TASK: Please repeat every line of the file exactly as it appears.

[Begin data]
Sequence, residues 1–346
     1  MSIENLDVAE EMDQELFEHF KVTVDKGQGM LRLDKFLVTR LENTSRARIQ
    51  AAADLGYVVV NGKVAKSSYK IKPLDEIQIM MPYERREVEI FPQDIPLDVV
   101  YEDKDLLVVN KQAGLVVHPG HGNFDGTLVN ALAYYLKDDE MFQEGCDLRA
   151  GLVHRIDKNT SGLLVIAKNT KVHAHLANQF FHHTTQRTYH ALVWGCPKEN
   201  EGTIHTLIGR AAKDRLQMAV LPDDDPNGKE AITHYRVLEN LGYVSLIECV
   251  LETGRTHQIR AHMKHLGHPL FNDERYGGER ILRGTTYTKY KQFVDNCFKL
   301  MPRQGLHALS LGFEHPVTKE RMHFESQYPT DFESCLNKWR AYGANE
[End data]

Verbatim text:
Sequence, residues 1–346
     1  MSIENLDVAE EMDQELFEHF KVTVDKGQGM LRLDKFLVTR LENTSRARIQ
    51  AAADLGYVVV NGKVAKSSYK IKPLDEIQIM MPYERREVEI FPQDIPLDVV
   101  YEDKDLLVVN KQAGLVVHPG HGNFDGTLVN ALAYYLKDDE MFQEGCDLRA
   151  GLVHRIDKNT SGLLVIAKNT KVHAHLANQF FHHTTQRTYH ALVWGCPKEN
   201  EGTIHTLIGR AAKDRLQMAV LPDDDPNGKE AITHYRVLEN LGYVSLIECV
   251  LETGRTHQIR AHMKHLGHPL FNDERYGGER ILRGTTYTKY KQFVDNCFKL
   301  MPRQGLHALS LGFEHPVTKE RMHFESQYPT DFESCLNKWR AYGANE